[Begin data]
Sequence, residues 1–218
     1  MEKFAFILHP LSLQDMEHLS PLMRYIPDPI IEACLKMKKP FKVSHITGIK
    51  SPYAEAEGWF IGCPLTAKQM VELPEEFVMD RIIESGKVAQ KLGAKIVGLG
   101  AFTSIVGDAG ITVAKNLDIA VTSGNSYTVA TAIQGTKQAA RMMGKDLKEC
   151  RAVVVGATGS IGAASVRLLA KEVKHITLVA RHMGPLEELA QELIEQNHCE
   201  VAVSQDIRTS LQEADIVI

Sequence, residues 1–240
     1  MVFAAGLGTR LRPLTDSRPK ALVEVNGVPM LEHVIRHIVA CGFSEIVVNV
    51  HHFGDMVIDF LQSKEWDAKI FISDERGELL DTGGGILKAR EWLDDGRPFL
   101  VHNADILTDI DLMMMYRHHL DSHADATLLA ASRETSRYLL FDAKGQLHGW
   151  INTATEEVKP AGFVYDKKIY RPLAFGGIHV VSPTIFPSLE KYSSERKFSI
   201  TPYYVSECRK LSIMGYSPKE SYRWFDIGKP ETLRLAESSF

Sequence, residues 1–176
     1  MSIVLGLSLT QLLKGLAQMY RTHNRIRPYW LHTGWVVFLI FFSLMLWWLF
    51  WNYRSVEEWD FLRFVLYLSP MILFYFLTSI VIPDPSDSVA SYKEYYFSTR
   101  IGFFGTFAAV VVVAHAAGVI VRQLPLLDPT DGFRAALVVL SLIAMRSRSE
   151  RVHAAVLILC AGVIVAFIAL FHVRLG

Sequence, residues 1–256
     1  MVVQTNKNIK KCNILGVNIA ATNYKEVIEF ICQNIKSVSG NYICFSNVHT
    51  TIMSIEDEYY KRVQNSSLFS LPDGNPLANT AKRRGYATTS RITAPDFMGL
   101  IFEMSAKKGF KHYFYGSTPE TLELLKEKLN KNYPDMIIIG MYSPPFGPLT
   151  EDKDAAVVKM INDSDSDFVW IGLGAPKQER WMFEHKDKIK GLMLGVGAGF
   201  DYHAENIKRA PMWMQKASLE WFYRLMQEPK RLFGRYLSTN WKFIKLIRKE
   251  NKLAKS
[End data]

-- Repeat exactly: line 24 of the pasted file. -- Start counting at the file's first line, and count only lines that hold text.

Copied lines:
   251  NKLAKS